Farewell My Concubine
Chinese National Peking Opera Company
Echo Arena, Liverpool
Usually, it’s the critic’s job to have some knowledge, wisdom, and insight to share with his or her reader. We’re meant to know a little more than the average audience member—that’s why we get employed. Tonight at the Echo Arena, however, all this has to be set aside.
I cannot say if this is an outstanding production of Farewell My Concubine. I do not understand the underlying aesthetic of this art form, neither do I have other experiences against which to gauge it. I am reduced (if this is right the word) to telling you what I see, what I hear and what I feel. Perhaps not such a bad thing, when all’s said and done.
Farewell My Concubine is the opera which formed the backdrop for Chen Kaige’s 1993 film of the same name (which was itself adapted from Lilian Lee’s book). The plot is simple, yet powerful. Two overlords, Xiang Yu and Liu Bang, are locked in a long-standing war for control of China. The story follows the fate of Xiang Yu (the good guy): a formidable warrior and yet subject (as all tragic heroes are) to a fatal character flaw—hubris. This, combined with a tendency to be easily provoked, brings about his downfall (masterminded by the treacherous, Li Zuoche).
The warlord leads his troops into a deadly trap and, despite Xiang Yu’s own prowess and courage, he is defeated and forced to retreat. Back at camp, his best option seems to be to slip through enemy lines and escape to build a new army from scratch. His main worry is the fate of his beloved concubine, Yu Ji (who is his confidante and adviser, as well as a loving consort). He cannot leave her behind, but to travel with her (as she herself points out), would increase his own chances of being captured. How will it all end? It’s a tragedy, so work it out for yourself.
It is the Chinese custom to applaud and shout ‘Hao!’ (‘Bravo’) at any suitable point in the performance—this performance provokes many such outbursts of appreciation from those of Chinese heritage (the rest of us follow, supportively). Houselights remain up, throughout. Children chatter and ask questions of their parents. The “irritating” tones of a man, seemingly determined to give a running commentary on the whole show, turn out, charmingly, to be an old gentleman carefully explaining events onstage to his granddaughter.
For a Western audience, the easiest elements to appreciate are the costumes and the acrobatics—the production is a riot of colour and activity. The battle scene would make Busby Berkeley envious—flashes of colour, choreographed and carefully coordinated skirmishes and some very impressive somersaulting. Exciting stuff.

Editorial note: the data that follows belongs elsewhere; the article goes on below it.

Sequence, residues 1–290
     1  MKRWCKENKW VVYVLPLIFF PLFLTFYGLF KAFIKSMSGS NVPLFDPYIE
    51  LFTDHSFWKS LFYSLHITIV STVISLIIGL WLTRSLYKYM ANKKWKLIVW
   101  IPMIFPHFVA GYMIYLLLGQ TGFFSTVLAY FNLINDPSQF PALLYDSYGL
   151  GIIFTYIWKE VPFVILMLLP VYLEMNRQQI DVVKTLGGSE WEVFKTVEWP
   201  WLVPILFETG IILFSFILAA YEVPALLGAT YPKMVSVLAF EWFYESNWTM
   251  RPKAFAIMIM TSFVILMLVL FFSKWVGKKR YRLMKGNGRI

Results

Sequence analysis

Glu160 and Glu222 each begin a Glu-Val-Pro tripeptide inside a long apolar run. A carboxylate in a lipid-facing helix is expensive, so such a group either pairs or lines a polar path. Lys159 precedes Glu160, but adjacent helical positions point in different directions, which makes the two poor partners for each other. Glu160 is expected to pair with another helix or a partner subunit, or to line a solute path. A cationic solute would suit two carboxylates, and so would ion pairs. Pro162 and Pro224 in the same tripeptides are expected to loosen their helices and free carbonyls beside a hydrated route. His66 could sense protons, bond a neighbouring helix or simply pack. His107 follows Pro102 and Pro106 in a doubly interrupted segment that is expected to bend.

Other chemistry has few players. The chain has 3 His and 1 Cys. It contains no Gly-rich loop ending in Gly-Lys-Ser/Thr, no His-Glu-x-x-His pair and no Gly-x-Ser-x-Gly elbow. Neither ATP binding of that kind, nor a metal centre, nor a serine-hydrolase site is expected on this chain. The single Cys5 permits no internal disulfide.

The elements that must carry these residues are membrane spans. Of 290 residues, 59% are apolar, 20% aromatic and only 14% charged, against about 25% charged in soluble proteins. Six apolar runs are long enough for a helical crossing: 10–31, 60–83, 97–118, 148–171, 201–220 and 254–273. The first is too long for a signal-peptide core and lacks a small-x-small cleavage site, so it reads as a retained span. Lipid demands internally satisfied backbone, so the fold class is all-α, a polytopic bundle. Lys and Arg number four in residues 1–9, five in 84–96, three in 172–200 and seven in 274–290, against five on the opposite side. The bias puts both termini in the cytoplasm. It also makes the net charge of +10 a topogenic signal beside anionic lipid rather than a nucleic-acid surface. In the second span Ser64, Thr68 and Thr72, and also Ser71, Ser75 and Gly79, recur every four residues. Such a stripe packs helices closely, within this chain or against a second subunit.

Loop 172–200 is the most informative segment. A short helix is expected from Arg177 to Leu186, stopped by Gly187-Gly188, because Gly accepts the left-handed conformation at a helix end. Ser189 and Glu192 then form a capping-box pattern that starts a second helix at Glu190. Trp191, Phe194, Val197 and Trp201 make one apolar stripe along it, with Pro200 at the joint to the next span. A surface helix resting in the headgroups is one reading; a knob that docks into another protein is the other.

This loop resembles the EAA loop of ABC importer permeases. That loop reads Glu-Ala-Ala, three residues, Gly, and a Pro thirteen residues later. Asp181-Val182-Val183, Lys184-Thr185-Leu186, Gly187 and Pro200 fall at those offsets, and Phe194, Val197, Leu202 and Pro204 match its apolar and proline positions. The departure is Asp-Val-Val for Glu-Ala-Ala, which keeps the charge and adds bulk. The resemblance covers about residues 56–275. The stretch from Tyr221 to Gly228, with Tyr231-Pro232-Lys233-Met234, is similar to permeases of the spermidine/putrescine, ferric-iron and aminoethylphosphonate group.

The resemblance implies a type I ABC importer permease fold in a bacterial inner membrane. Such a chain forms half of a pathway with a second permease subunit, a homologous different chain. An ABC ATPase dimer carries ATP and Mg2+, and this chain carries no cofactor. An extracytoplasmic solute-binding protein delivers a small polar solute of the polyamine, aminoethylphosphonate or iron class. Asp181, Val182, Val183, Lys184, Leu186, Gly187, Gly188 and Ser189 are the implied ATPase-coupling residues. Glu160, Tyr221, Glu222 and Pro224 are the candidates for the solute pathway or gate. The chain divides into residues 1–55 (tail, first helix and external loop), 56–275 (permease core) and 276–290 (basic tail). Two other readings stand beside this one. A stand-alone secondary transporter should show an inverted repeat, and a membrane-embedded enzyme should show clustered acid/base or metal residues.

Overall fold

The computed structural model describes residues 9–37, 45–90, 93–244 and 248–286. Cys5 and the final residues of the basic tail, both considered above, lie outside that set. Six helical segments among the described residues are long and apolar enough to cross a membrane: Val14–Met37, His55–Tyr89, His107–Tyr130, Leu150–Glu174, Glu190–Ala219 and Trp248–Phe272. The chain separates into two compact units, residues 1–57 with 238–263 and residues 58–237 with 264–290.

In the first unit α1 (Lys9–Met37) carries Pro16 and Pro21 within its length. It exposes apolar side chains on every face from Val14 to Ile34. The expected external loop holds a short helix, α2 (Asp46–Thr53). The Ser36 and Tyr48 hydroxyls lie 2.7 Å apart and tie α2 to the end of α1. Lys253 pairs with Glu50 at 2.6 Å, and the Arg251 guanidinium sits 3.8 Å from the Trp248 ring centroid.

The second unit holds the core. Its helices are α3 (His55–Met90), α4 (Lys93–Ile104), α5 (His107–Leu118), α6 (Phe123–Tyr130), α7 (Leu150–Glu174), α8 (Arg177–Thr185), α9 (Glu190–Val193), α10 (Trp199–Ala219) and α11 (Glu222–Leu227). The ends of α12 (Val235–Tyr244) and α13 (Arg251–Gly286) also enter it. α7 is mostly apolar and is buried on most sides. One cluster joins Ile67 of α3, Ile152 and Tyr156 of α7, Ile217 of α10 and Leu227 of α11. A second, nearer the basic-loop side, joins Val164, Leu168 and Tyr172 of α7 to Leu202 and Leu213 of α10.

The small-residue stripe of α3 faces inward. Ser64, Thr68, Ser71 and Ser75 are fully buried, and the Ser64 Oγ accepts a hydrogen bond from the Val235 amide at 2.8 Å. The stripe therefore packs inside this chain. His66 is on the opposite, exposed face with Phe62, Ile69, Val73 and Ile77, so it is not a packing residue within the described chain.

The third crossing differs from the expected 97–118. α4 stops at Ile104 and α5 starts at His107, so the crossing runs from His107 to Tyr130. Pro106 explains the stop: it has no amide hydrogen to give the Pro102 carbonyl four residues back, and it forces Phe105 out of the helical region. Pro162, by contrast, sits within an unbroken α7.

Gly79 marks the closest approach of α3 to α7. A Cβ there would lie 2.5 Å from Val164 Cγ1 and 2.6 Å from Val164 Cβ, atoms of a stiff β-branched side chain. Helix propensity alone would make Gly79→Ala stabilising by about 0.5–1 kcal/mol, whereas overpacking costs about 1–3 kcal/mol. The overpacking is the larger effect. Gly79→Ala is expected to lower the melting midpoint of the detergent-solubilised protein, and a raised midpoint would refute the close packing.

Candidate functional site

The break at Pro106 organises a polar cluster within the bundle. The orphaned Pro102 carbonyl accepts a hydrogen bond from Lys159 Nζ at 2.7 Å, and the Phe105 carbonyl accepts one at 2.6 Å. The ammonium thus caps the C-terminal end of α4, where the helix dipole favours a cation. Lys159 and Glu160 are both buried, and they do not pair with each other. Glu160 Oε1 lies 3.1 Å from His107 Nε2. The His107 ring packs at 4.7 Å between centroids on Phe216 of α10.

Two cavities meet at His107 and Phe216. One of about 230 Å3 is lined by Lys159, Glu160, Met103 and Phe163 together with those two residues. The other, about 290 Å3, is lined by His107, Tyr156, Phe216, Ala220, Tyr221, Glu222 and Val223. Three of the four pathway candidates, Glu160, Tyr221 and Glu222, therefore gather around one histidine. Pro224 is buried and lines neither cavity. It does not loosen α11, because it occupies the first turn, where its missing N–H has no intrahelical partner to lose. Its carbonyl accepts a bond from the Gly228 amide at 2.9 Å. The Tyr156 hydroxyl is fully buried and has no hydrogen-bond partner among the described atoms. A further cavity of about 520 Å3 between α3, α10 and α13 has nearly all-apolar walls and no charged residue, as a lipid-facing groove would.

In the final scene, the painted backdrop comes into its own as, seen through a gauze curtain, the impression of looking out mist-shrouded hills and valleys, is bewitching. The concubine’s dance in this scene is a marvel of dexterity and grace.
Instrumentally, Western audiences are more likely to be familiar with the sight and sounds of classical Chinese instruments. The score is expertly woven into the onstage action. As a bonus, the small orchestra sits stage left (rather than in a pit) and are thus part of the spectacle.
Undoubtedly, the most challenging aspects of the art form—for Western eyes and ears—are the acting, the movement and the singing. As with the traditional masks and make-up, the gestures, expressions, movement across and around the stage, postures and poses and the tone of vocal delivery are all significant contributors to the meaning of the whole.
As for the singing; imagine the voices of melodic felines, fed in through a drum synthesiser and out via a wah-wah pedal. It’s simultaneously alien and marvellous. Unforgettable.
If the dramatic climax is the battle scene, the emotional climax lies in the final scene, where the weight of meaning is carried by the concubine, Yu Ji. Attempts to comfort and raise the spirits of her lord, Xiang Yu, are set against solitary reflections on life, love and loss. Some of the moments she shares with Xiang Yu (played magisterially by Liu Kiukiu) convey genuine intimacy and heartbreak. Yu Ji herself (played with a studied and expert grace by Zhu Hong) has tears in her eyes at this point, and I am sure she is not the only one.
Liverpool’s Chinese community (the oldest established in Europe) is well-represented (not least by the little children presenting flowers and gifts to the cast at curtain). Pleasingly, there are many in the audience who are clearly not of Chinese lineage. For us, it is a memorable experience, indeed.
The Chinese National Peking Opera Company—Hao!
Reviewer: Martin Thomasson